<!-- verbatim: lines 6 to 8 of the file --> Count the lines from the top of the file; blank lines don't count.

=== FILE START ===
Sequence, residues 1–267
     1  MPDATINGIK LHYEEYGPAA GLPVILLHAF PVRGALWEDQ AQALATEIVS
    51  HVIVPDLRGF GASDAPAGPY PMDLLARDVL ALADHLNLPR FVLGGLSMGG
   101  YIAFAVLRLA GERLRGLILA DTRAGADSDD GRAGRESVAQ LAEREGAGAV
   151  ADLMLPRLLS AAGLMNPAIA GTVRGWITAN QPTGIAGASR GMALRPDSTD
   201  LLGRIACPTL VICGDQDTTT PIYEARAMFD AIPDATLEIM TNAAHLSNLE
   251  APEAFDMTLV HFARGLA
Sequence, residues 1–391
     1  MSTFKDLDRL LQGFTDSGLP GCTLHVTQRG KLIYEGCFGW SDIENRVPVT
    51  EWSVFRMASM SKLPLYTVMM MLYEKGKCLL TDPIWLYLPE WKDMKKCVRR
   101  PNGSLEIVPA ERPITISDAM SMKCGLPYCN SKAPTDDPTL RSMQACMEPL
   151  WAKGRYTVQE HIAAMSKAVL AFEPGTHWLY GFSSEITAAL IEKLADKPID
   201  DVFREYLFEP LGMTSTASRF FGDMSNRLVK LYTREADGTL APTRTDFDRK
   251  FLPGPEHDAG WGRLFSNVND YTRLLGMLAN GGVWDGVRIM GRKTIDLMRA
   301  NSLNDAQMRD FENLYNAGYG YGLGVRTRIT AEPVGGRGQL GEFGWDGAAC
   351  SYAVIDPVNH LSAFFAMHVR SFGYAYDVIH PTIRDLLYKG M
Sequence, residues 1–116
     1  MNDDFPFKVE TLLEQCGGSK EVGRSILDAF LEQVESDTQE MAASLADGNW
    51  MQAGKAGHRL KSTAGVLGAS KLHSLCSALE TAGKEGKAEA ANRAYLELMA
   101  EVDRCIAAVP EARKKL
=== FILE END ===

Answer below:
   201  LLGRIACPTL VICGDQDTTT PIYEARAMFD AIPDATLEIM TNAAHLSNLE
   251  APEAFDMTLV HFARGLA
Sequence, residues 1–391